If we've given the impression that the XPS 410 is a bad computer, it's not; we merely feel that it is not perfect and that the price/performance offered is more expensive than some people will be willing to pay. There are other good points about the system design, which we will cover throughout the rest of this review. The bottom line is that the price is okay, but don't expect to walk away with an amazing bargain. A large portion of the price goes towards providing improved customer service, however, and we will provide an evaluation of the XPS support shortly.

Index Externals and Appearance
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  • JarredWalton - Tuesday, September 19, 2006 - link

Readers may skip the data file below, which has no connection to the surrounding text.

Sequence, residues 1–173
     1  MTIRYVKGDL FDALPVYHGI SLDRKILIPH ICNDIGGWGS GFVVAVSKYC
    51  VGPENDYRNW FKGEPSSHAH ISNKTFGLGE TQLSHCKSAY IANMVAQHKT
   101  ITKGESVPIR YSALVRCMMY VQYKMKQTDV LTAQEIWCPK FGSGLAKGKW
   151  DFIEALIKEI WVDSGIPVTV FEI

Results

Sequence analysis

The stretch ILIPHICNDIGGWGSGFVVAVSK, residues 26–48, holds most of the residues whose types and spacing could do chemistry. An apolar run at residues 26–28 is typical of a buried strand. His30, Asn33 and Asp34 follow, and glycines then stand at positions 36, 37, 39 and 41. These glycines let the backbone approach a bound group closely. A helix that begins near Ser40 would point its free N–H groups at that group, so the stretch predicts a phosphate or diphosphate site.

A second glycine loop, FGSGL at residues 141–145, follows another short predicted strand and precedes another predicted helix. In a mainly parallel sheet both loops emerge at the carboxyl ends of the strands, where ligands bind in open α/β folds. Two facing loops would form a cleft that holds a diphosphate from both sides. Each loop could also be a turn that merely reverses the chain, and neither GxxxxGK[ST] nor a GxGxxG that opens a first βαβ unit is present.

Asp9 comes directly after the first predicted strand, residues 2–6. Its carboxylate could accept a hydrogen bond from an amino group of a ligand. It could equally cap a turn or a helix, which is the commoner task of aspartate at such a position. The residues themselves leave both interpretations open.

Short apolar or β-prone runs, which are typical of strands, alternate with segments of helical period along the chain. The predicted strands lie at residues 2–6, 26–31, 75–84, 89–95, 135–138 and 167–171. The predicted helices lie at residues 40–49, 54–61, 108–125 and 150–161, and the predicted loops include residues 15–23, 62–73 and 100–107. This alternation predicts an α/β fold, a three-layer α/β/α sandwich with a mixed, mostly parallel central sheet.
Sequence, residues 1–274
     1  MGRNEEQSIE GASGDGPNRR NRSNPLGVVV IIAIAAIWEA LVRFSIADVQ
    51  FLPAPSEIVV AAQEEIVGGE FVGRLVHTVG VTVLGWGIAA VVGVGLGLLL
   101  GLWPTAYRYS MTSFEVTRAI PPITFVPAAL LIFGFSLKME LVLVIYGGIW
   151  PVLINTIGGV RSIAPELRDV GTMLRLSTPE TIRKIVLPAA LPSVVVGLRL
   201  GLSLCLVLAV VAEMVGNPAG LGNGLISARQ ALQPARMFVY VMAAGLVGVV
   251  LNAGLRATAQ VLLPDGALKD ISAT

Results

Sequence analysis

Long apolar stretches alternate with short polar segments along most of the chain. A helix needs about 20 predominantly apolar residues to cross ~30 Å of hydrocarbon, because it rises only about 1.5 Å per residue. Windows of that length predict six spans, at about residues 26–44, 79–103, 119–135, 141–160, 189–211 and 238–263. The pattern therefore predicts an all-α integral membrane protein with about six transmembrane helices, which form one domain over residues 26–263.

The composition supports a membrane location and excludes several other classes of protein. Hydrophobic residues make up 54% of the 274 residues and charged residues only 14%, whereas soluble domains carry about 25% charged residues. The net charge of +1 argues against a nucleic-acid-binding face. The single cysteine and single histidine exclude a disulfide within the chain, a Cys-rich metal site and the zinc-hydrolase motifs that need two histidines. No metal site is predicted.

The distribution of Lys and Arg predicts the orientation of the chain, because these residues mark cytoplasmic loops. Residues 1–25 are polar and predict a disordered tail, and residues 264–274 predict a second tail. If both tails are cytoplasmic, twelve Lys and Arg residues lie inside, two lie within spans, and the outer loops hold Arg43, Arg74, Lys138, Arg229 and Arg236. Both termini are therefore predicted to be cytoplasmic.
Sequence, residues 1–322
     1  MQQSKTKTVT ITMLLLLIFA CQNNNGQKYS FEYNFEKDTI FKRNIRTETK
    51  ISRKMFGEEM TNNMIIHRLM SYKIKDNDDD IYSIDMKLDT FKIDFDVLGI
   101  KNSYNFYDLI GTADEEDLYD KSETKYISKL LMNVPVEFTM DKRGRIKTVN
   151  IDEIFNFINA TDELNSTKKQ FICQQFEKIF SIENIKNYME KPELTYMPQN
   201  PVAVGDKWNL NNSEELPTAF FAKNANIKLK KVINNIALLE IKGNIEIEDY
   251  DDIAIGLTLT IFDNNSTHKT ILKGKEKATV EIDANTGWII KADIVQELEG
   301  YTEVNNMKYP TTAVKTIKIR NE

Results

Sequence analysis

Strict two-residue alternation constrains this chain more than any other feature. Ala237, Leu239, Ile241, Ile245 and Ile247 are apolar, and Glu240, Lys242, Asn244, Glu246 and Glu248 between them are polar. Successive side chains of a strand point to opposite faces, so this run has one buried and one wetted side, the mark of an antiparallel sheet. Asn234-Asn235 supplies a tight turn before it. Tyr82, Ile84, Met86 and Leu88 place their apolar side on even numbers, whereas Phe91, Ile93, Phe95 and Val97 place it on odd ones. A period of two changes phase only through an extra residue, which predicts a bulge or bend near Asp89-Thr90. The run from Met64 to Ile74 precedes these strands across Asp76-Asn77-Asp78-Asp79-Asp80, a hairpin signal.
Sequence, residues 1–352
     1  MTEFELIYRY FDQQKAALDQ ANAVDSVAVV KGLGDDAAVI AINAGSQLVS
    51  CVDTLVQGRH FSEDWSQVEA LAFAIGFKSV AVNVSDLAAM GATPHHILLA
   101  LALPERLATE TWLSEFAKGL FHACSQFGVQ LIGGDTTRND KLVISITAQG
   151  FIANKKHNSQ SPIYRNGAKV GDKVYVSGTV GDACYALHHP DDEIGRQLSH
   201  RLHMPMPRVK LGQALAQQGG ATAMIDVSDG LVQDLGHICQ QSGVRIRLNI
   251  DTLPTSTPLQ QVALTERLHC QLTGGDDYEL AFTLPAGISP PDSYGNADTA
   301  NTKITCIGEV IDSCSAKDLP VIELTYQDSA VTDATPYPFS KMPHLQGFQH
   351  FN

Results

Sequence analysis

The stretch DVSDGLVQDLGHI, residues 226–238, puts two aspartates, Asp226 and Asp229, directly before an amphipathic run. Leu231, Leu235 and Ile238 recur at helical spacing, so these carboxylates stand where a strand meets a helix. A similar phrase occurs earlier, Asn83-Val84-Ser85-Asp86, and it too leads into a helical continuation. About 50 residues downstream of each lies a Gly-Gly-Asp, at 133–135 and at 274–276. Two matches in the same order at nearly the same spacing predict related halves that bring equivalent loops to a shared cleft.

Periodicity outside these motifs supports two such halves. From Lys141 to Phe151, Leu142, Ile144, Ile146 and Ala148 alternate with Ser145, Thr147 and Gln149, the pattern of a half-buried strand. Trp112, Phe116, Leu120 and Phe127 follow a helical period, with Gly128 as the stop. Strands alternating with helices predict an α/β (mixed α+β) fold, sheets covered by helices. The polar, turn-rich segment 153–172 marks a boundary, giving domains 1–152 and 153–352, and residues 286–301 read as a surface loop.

No problem - gotta do my job as author! :)

    You might want to email Gary on the HDD stuff, as that's basically beyond the scope of system testing. He's handling HDD reviews, so maybe you can pass on your suggestions. I think he's covered HDD performance well, though getting repeatable results with real world tests is going to be somewhat difficult.
    Reply
  • JarredWalton - Monday, September 18, 2006 - link

    ^^ Er...
    "defragment" not "the fragment"

    *EIGHT* thousand words, not "a thousand".

    LOL Stupid Dragon NaturallySpeaking! (Stupid editor for not proofing my post before hitting reply.)
    Reply
  • biggersteve - Monday, September 18, 2006 - link